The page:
Alcohol withdrawal, in many cases, requires medical treatment and treatment center admissions due to the life threatening risks from the severe side-effects of going cold turkey. Medication is often used along side counseling support to aid the mental side of alcohol withdrawal. Here’s a rundown of common medications used by medical professionals.

Thiamine & Folic Acid

Because patients with AWS are often nutritionally depleted, thiamine (100 mg daily) and folic acid (1 mg daily) should be used routinely. Thiamine supplementation lowers the risk of Wernicke encephalopathy, which is characterized by oculomotor dysfunction, abnormal mentation, and ataxia.

Benzodiazepines and anticonvulsants

Benzodiazepines and anticonvulsants reduce psychomotor agitation and prevent progression of withdrawal symptoms, and should be administered early. There is no evidence that any one medication is superior in treating AWS, but long-acting benzodiazepines are preferred.

Benzodiazepines reduce symptoms and can prevent withdrawal seizures. They are available in long-acting (e.g., chlordiazepoxide [Librium], diazepam [Valium]) and intermediate-acting (e.g., lorazepam [Ativan], oxazepam) formulations. Long-acting benzodiazepines may more effectively prevent delirium because of the prolonged sedative and anxiolytic effects of their active metabolites. Some contend that long-acting benzodiazepines provide a smoother withdrawal experience with fewer fluctuations in symptoms; however, intermediate-acting formulations have been used successfully. In patients with hepatic dysfunction, intermediate-acting agents may be safer because they have no active metabolites.

Patients with addictive disorders prefer diazepam, alprazolam (Xanax), or lorazepam, but these medications have a greater risk of abuse. Chlordiazepoxide and oxazepam have less abuse potential, but no data support their superiority in treating AWS. Because benzodiazepines can cause respiratory depression and death when combined with alcohol, physicians should emphasize the importance of abstaining from alcohol during treatment.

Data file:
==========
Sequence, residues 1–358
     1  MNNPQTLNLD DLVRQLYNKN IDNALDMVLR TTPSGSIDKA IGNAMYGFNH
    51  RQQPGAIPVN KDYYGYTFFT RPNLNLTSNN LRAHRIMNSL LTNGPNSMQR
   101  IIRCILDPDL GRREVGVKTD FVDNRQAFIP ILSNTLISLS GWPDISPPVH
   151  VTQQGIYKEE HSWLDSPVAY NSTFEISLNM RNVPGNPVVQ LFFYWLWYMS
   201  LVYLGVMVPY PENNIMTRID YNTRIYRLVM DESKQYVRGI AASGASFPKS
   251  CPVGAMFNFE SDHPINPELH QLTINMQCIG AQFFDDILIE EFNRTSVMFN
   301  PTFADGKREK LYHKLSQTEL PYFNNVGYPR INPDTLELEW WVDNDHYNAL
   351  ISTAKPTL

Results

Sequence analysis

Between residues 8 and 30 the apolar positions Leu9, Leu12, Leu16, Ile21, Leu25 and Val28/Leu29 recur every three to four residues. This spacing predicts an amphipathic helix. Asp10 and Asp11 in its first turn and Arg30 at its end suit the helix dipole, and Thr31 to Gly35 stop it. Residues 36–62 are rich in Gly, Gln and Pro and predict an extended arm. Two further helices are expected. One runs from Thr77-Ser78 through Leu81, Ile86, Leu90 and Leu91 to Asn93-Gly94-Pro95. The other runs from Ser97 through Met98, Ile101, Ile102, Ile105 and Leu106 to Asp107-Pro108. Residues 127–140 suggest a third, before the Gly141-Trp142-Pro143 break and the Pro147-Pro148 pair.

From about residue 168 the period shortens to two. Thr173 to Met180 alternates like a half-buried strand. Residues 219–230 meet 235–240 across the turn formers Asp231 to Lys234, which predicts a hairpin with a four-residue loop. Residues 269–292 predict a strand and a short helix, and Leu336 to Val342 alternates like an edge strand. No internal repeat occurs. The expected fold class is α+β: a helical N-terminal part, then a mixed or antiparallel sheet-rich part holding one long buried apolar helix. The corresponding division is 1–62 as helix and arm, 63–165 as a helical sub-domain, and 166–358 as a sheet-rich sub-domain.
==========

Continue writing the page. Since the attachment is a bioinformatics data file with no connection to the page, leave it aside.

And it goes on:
Benzodiazepines can be administered using a fixed-dose or symptom-triggered schedule. A front-loading, or loading-dose, schedule is not recommended. No randomized trials have compared the varying benzodiazepine regimens. The fixed-dose schedule uses a specific dosage at specific intervals, regardless of the patient’s symptoms. Additional doses are given as needed to control symptoms, and the dosage is reduced if over-medication occurs. With a symptom-triggered schedule, medication is administered only when the patient has significant symptoms (SAWS score of 12 or more; CIWA-Ar score greater than 9). Although symptom-triggered schedules reduce medication use and shorten duration of treatment for inpatients, a trial including outpatients taking long-acting benzodiazepines found no difference between the fixed-dose and symptom-triggered schedules in total dose, patient satisfaction, or time to relapse. A symptom-triggered schedule requires the patient and caregiver to reliably rate symptoms and may not be appropriate in all cases.


Naltrexon is a drug used to decrease the desire for alcohol and opioids. Brand names commonly sold are ReVia and Vivitrol. It can be taken orally or injected and takes effects in about 30 mins. It has a longer term effect and for managed treatment vs Nalaxone, which is used for immediate emergency use.